Exercise at the computer
As we all know it is difficult to do exercises at our computers and stay in shape. Most of the time you are probably sitting just like me right now, hunched over the keyboard, body frozen in a position to type and slightly tightening the shoulders (that will not feel so good later today).
The best way to stop yourself from getting those aches and pains at your desk is to take quick breaks occasionally during the day to stretch, and here are a bunch of stretches that I found courtesy of Dr Rick Morris.
First remove your shoes and loosen restrictive clothing. Be sure that your area is free from hazards.
The Bird Grand your right ankles with your right hand with your right knee bent. Hold on to your desk with your left hand (standing on the right side of your desk); now bend over at your hip (not your waist) keeping your back straight. You should feel a nice stretch in the back of your left thigh and the front of your right thigh. Hold this position for one minute and repeat on the opposite leg.
Neck and Upper Back Stretch Hold your hands together behind your back as low as possible with your palms facing away from your body. Bring your chin all the way down to your chest and take five deep breaths in and out. Now turn and tilt your head to the right while pulling down with your left arm. Hold for five deep breaths. Now perform this to your left side.
Shoulder Rolls Shoulder Rolls, with your arms dangling at your side, roll your shoulders forward, upward and backward in a circular motion for 30 seconds. Start slowly and progress to a fairly quick motion.
The Teapot Stand with your feet shoulder width distance apart. Put your hands on your waist. Turn your left foot out completely (90 degrees) and your right leg in 30 degrees. Now tilt to your left while your left hand is on your left thigh or knee. Hold your right arm straight out from your shoulder. Continue bending to the left side as long as it feels comfortable. Hold this position for eight breaths. Be sure to continuously hold your left leg with your hand wherever it is most supportive. Continue this on the other side. You should feel a stretch to you outer waist and hip on the side opposite the direction that you are bending.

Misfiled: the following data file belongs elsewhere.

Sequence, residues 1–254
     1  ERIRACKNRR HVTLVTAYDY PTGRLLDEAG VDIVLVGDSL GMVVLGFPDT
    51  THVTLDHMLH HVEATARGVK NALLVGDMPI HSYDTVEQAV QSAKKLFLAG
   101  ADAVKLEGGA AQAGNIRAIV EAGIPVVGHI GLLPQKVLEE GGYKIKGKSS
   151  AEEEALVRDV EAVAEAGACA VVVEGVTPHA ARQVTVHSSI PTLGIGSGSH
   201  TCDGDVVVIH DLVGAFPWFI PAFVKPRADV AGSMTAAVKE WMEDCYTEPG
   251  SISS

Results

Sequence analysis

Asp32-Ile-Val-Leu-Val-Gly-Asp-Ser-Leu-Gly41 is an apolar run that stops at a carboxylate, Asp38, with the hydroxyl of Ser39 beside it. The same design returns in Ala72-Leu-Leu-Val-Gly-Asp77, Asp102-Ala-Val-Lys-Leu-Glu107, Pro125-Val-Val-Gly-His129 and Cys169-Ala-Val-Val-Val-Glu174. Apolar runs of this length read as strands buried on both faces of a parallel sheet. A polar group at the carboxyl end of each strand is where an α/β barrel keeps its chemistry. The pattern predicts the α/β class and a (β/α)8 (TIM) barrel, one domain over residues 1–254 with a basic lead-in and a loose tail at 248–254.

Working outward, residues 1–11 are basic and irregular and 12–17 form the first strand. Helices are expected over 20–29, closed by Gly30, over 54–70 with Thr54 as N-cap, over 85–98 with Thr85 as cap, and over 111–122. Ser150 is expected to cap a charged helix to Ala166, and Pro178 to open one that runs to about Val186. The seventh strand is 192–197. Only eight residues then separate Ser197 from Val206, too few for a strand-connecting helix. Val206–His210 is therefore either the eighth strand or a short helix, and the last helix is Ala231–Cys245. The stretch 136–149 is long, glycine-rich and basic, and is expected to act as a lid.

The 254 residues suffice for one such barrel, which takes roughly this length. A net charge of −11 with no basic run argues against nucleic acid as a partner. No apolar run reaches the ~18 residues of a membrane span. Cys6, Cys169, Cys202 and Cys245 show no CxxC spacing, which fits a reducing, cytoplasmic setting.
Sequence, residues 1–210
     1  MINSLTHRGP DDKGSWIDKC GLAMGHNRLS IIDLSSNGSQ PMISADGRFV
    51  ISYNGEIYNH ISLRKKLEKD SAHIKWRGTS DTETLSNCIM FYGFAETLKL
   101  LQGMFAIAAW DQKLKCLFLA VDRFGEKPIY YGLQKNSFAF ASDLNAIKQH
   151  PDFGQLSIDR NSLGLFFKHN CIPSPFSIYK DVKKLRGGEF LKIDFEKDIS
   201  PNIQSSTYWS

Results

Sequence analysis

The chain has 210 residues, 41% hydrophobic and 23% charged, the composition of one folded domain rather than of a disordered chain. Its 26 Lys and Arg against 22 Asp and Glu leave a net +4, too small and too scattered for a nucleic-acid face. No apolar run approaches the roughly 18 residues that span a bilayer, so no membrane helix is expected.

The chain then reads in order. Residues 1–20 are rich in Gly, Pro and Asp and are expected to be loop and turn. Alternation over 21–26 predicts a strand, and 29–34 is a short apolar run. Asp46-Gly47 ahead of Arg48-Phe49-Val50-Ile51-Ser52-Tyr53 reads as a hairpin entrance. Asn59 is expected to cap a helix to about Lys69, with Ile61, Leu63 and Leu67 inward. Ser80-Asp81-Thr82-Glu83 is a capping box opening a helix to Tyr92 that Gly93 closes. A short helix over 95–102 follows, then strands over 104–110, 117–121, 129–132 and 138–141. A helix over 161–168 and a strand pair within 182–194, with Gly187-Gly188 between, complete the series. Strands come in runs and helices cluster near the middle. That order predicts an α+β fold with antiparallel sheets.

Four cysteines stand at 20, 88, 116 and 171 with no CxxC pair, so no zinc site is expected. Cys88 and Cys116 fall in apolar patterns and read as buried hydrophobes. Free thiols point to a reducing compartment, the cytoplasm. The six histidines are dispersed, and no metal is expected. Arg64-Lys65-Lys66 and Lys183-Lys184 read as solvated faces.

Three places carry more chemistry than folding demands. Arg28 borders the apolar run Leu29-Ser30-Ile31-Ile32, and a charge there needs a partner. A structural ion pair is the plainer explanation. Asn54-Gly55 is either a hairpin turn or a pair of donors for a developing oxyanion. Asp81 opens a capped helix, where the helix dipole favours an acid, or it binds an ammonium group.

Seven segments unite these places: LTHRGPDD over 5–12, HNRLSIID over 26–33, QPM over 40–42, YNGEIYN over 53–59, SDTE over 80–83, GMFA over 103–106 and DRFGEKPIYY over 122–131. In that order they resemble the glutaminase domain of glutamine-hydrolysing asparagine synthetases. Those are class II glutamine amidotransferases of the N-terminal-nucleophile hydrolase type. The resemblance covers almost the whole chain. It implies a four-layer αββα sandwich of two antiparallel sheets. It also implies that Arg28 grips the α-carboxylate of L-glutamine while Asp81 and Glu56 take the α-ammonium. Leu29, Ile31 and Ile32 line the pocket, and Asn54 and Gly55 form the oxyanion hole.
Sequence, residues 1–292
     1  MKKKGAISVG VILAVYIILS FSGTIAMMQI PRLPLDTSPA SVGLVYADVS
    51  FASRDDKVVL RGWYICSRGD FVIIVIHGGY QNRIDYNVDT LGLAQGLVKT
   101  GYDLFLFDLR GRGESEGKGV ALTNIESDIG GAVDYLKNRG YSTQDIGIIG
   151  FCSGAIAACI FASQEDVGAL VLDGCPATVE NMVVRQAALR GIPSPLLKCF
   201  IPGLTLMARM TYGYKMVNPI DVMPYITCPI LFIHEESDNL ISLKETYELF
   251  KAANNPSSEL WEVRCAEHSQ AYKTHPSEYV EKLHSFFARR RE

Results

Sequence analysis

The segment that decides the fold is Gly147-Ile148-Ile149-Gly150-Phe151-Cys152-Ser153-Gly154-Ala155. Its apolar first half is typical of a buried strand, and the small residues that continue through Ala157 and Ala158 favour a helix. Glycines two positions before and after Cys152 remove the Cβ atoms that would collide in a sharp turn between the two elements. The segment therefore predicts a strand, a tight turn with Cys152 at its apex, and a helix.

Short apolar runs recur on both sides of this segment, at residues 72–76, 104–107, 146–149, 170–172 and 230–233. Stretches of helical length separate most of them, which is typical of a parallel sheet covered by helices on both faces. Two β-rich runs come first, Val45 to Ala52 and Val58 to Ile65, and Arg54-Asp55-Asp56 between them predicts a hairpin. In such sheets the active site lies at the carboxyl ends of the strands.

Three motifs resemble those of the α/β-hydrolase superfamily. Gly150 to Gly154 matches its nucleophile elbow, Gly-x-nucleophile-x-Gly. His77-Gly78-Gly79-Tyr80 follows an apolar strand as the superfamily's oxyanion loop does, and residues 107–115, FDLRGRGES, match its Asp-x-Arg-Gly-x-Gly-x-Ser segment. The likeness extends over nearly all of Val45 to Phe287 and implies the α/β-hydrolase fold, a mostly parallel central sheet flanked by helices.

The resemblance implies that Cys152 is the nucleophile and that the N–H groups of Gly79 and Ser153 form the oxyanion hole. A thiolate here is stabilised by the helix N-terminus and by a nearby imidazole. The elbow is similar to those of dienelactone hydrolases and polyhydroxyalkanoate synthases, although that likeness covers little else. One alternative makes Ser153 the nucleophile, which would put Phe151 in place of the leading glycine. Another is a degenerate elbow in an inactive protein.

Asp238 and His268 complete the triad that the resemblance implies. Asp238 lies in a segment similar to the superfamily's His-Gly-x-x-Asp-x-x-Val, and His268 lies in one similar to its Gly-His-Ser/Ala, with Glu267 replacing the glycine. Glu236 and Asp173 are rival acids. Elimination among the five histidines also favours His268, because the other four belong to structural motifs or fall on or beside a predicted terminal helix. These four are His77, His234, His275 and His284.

Outer Neck and Shoulder Stretch Put your right arm behind your back while tilting (not turning) your head to the opposite side. You should feel a pull in your right neck and upper shoulder. If a pinching sensation occurs to your left side, do not perform this exercise. Hold the position for five deep breaths in and out, relaxing more deeply with each exhalation. Repeat to the opposite side.
Neck Sling Clasp your hands behind your neck, elbows out, with your little fingers pressing up against the base of your skull. Now arch your middle back against the back of a firm chair (it should not fall back). The back of your chair should not be higher than the bottoms of your shoulder blades and lower than the bottoms of your ribs. Now allow yourself to fall backwards letting your head BUT NOT YOUR NECK extend over the back of the chair. This should feel great; if not, do not go back as far. Just relax like this for 30 seconds.
Neck Circles Neck Circles, put your arms down to your sides and let your chin drop to your chest. As you take in a deep breath, turn and tilt your head to the right. As you exhale drop your head back to your chest. Next, breathe in while turning and tilting to the left. While exhaling, bring your left head back to your chest. Start off slowly without pain and progress to a fairly rapid and continuous breathing and neck movement pattern. Do this for 30 seconds.
The Lumbar Arch The Lumbar Arch, lean against the back of your chair with the support being firm and fitting well within your low back. Arch against this as long as it feels comfortable. Place your hands behind the back support or under the seat to give added resistance (note: do not lock your neck backwards). Take five comfortable deep breaths while in this position.
Bend Overs Bend Overs-Straddle your seat with your legs wide apart and locked under the chair. Push your bottom all the way to the back of the seat and bend completely forward and down. If pain or instability begins to occur, stop, and see your professionals. This could be a sign of a weak disc, Hold this position, if it is comfortable, for five deep breaths. Next, twist and bend over one leg and then the other. Each position should be held for five deep respiratory cycles.
The toughest thing about these exercise is starting to do them. Try them out today and see how musch better you feel. The key of course is to take good care of your posture in the first place but these exercises are going to do a worl of good for you as well.